One of the largest home sale killers is the home inspection.

 

Nearly one-third of all terminated real estate contracts fell apart because of the inspection results. Inspections also ranked as the number three cause of delayed settlements, accounting for 13 percent.

 

For some reason – and I’ll never get it – a home inspection that comes back with anything less than a perfect report strikes fear into the hearts of buyer agents and home buyers alike.

 

It really makes no sense that it should be that way at all because other than the location of the house, everything can either be fixed, upgraded and/or replaced.

 

The reality of this is that buying a home is an emotional process and sometimes emotional reactions don’t make logical sense. The key here is to remove the opportunity for the buyer to have any negative emotional reactions about your house! 

 

As a seller, you need to realize that any money a buyer saves as a result of a home inspection is either money you spend or an end result with your home not selling.

 

Neither of these are positive outcomes for you.

 

The good news is, however, that if you have a pre-listing home inspection, you can be the one who saves the money and even helps keep your deal together.

 

Here are the main reasons why you should have a home inspection before you list:

 

Reduce emotions and fear of the unknown

 

The seven to 14 days after a home inspection can the most harrowing period of time in your life.

 

Waiting for the buyer and/or their agent to come back with the list of things that they’re wanting to be done or the email stating that they want to walk away and get their deposit back can take years off your life.

 

“Cycle of Property Emotions” by David Gordon

 

You have no control over the inspector and what they find.

 

You have even less control over the agent and their experience in home sales and negotiations.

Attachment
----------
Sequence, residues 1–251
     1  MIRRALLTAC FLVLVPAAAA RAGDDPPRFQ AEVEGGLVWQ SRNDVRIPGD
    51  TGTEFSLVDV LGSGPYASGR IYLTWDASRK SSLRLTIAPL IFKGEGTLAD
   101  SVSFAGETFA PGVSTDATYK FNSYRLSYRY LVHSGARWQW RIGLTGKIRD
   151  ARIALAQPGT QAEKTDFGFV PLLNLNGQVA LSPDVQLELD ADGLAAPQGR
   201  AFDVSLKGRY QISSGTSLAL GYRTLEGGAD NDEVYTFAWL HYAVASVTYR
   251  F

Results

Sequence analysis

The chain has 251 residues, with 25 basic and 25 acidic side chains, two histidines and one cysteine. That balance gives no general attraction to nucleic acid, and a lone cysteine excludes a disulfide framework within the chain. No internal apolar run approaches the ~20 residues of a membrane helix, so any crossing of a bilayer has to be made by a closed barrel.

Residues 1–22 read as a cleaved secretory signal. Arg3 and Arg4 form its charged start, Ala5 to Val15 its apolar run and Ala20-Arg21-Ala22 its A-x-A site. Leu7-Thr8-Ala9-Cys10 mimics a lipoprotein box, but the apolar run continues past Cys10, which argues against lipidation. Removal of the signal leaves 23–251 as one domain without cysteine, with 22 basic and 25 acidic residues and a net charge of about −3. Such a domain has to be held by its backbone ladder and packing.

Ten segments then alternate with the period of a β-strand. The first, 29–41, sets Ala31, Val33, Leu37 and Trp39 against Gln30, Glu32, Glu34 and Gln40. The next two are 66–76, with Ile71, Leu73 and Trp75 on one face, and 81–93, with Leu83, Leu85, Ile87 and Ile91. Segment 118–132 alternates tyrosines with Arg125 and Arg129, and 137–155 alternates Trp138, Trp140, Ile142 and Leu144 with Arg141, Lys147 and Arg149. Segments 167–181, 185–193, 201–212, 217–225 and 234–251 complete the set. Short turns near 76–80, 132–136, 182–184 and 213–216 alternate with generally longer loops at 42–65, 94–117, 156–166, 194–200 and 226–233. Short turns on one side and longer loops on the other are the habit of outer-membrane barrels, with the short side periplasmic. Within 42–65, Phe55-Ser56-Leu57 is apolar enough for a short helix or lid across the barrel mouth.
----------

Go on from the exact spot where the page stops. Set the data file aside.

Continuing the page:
And worst of all, you have absolutely no control over the buyers and what their emotions are leading them to do.

 

It’s not unlike going to Vegas and plunking your entire life savings down on black or red, hoping that the ball stops on the color you chose.

 

But it doesn’t have to be that way.

 

By getting a pre-listing inspection, you get to see all of the issues that would arise and deal with them, head on, before anyone else finds them. It’s like having the answers to the test before you take it. You’re virtually guaranteed to pass.

 

The choice is yours

 

Once you get a complete list of material and hidden defects, you now have the option of addressing what you want the way you want to.

 

What’s even better is that you can repair anything you want yourself or at your option, you can choose the contractor(s) you want and have them take care of the issues that you decide need attention.

 

You’re in control of the whole process and the only surprises you’ll likely experience are the prices you’ll have to pay for the work that needs to be done (which will likely be less than what it would cost if the buyer finds it).

And this leads me to…

 

Huge money savings